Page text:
Wednesday 5 August 2015

The Belgian twins by Lucy Fitch Perkins

The Belgian twins by Lucy Fitch Perkins (Houghton Mifflin, 1917)

18 chapters; 192 pages

Subjects: World War One, Belgium, refugees, twins, families, junior fiction (Year 5-8)

This is quite exciting as I’ve been wanting to read some older books, which can be hard to access in print, but I’ve just realised that they are accessible online, for example on Project Gutenburg. This title even seems to be on youtube as an audiobook. 

Jan and Marie are twins (as we know from the title), 8 years old, living on a farm in Belgium. It’s summer, harvest time; everything is peaceful and idyllic. There are rumours of a German army at the borders, but Belgium is neutral and surely she will be protected.

The men of the village are called away to join the army and it is hard for the women and children to know what is happening. (“There were no daily papers in Meer, and now there were no young men to go to the city and bring back the gossip of the day, as there had used to be.”) Then news comes that the Germans have crossed the eastern border and want to cross into France. That night their mother fastens a locket around Marie’s neck, and tells her, “You must wear it always… and remember that your mother's name is Leonie Van Hove, and your father's name is Georges Van Hove. If by any chance—which God forbid—we should become separated from one another, keep the locket on your neck, and our names in your memory until we meet again; for if such a thing should happen, do not doubt that I should find you, though I had to swim the sea to do it!"

When the “great tidal wave” of “a long gray line of soldiers on horseback” approaches the village, their mother hides the twins and the dog in the vegetable cellar. When they venture out again, the house has been ransacked for food and their mother has disappeared. In fact “there was not a human being but themselves in the entire village; all the others had been driven away like sheep, before the invading army.”

The children are brave and appealing and never lose faith that their mother will find them. The dialogue is realistic and often funny - here are a few examples:
  • "I think I could be braver if I had some breakfast," sobbed Janke.
  • "I don't see anything to laugh at," said Jan with dignity; "it might have happened to any man."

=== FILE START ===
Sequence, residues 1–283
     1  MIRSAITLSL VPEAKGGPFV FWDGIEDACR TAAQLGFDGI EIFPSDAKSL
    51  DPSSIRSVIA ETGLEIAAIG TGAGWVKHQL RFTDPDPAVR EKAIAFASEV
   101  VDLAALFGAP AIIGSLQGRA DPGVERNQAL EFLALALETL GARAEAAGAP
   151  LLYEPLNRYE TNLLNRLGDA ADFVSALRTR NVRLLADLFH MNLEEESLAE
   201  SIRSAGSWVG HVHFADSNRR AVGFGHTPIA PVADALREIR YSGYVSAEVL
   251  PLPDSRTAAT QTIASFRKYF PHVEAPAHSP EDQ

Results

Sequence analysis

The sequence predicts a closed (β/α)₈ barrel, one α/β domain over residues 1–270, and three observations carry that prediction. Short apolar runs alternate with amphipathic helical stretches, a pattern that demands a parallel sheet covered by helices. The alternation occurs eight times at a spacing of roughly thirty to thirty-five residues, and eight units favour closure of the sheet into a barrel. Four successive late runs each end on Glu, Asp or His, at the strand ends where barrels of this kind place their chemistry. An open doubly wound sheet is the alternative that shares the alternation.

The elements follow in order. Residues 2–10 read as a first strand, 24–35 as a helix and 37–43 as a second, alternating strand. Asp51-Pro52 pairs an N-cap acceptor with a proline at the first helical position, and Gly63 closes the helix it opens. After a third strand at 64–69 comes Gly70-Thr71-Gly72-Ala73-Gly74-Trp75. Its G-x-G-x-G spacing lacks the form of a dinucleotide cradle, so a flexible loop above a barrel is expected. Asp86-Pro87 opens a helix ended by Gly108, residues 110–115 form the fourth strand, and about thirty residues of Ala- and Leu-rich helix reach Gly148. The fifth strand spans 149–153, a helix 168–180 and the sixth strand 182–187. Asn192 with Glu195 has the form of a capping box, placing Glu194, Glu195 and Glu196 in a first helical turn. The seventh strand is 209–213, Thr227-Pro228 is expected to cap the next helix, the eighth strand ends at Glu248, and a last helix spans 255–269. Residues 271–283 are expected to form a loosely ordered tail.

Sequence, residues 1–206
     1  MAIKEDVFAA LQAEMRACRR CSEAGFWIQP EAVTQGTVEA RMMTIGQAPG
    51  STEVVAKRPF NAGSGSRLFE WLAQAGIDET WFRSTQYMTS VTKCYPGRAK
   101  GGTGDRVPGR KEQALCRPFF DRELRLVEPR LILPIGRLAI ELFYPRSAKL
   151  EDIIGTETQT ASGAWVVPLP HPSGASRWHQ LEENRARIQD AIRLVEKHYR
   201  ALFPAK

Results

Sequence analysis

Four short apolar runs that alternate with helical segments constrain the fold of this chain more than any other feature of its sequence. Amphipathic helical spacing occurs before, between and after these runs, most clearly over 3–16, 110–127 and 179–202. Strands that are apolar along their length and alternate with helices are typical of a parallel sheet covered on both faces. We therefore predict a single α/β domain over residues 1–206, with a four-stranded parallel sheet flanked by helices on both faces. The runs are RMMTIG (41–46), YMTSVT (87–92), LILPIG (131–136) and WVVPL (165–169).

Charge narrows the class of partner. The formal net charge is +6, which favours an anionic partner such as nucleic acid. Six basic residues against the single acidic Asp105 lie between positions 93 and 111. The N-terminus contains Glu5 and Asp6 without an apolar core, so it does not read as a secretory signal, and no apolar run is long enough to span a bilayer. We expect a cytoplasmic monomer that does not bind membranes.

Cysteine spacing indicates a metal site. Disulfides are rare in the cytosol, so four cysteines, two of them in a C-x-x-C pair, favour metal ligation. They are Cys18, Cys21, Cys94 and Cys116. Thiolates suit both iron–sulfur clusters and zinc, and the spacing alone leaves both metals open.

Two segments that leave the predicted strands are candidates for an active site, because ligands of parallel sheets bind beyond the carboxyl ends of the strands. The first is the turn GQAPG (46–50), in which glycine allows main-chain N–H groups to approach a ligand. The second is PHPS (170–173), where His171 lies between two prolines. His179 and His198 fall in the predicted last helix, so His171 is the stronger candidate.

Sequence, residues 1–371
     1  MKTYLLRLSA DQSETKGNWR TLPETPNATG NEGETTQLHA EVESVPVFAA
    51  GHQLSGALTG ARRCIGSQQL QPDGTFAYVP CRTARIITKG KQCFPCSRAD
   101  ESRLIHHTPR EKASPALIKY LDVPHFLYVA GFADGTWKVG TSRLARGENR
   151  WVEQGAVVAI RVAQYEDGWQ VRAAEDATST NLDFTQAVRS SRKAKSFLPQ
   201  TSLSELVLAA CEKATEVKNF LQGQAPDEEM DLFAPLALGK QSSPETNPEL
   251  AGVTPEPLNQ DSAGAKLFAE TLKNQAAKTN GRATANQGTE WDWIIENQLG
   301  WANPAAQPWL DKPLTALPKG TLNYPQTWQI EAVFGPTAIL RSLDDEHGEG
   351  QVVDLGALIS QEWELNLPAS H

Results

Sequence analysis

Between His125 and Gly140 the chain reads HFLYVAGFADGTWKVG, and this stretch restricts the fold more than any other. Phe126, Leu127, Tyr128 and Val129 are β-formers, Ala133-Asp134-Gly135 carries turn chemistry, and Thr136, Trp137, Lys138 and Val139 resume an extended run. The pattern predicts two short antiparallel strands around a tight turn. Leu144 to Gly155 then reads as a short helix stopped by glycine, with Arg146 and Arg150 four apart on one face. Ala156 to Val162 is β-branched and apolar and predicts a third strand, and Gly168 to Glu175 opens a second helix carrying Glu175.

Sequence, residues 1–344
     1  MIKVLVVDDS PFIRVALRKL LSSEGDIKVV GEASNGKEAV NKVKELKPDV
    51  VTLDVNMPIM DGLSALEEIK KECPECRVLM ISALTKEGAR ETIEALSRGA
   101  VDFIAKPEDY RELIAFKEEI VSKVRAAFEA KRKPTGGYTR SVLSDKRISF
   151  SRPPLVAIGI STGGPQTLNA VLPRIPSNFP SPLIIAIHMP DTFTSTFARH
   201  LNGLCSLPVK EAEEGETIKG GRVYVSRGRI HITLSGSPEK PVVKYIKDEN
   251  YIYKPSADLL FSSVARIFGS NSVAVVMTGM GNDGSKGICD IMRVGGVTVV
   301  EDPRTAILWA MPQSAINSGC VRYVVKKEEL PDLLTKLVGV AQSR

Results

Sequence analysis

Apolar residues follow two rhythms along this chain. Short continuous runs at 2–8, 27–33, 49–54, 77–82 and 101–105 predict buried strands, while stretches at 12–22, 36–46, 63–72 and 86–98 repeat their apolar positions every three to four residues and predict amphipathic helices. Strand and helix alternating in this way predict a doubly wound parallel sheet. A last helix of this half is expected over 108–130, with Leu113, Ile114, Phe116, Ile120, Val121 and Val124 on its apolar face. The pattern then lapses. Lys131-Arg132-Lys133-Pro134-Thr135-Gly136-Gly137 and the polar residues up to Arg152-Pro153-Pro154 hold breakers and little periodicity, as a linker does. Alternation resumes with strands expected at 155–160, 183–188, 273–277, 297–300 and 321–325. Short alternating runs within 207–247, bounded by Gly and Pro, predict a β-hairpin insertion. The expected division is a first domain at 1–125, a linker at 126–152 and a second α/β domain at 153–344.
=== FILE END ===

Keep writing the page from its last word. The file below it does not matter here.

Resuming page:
• "She said no matter what happened we should never despair, and here we are despairing as hard as ever we can."

Marie and Jan go in search of their mother and join a flood of refugees on the road to Antwerp and safety in Holland. On the way they are taken in by an old woman, then a family on board a barge who take care of them and protect them from noticing too much of what is happening (burning houses and villages) but they can’t help seeing all the German soldiers.  Just in time they escape the siege and bombing of Antwerp and reach Rotterdam where they are placed in the care of the British Consul and put on a boat going to England, then taken to a large country house set aside for homeless Belgians.

“At night they and the other homeless children slept in little white cots set all in a row in a great picture gallery… Every day more Belgians came, and still more, until not only the big house, but the stable and outbuildings were all running-over full of homeless people.”

The next stage of their journey is by sea to New York to live with a childless Belgian couple who have offered to look after them. “They had chicken for supper, and, after that, ice cream! Jan and Marie had never tasted ice cream before in their whole lives! They thought they should like America very much.”

The last chapter is called THE MOST WONDERFUL PART, so you can guess it has a happy ending. It does seem coincidental, but the Preface says that “this story of two little Belgian refugees is based upon the actual experience of two Belgian children, and the incident of the locket is quite true." I tried to find proof of this, and couldn't - it would be fascinating to know the background to the sorry.  

You can read a short, but very early, review of this book in the New York Times for December 9, 1917. 

Booksylvania posts reviews by 11-year-old Lucy: "This book is inspired by the actual events in Belgium, of two Belgian children. I loved this book because of the truth in it."

About the author
Lucy Fitch Perkins (1865-1937), American author, educator and illustrator, wrote the popular Twins series of books. Born in Maples, Indiana, she studied at the Fine Arts School in Boston, then worked as a book illustrator with the an educational company and taught at art school. In August 1891, she married Dwight Perkins, an architect and teacher. Her first book (The Dutch Twins) was published when she was 48, and she kept writing one or two books a year from then on, wanting to give children "a correct idea of life in other countries" and to encourage "a spirit of friendliness and good will for children of other nationalities."

You can find a list of all her twins books hereWhat is quite astonishing is that this book was published while the war was still going, so that (as the Suggestions to teachers says) “American children who have been giving their pennies to help take care of little Belgian children will find this new "Twins" book one of the most appealing that Mrs. Perkins has ever written.” The French twins (1918) was also written in war time.

Things I didn't know
I didn't know anything about Belgian refugees in England and recently came across this article about the thousands who fled across the Channel when the Germans invaded. Many of them settled in a refugee community in Elisabethville, near Durham. Both of these articles feature some fascinating facts and photographs.

Have you read it?
Have you read this book? Let me know what you think!

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